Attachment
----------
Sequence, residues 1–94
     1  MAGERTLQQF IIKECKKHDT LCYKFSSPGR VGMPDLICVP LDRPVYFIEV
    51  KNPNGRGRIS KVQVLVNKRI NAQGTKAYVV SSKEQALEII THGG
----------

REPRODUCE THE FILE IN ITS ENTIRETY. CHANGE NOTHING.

Sequence, residues 1–94
     1  MAGERTLQQF IIKECKKHDT LCYKFSSPGR VGMPDLICVP LDRPVYFIEV
    51  KNPNGRGRIS KVQVLVNKRI NAQGTKAYVV SSKEQALEII THGG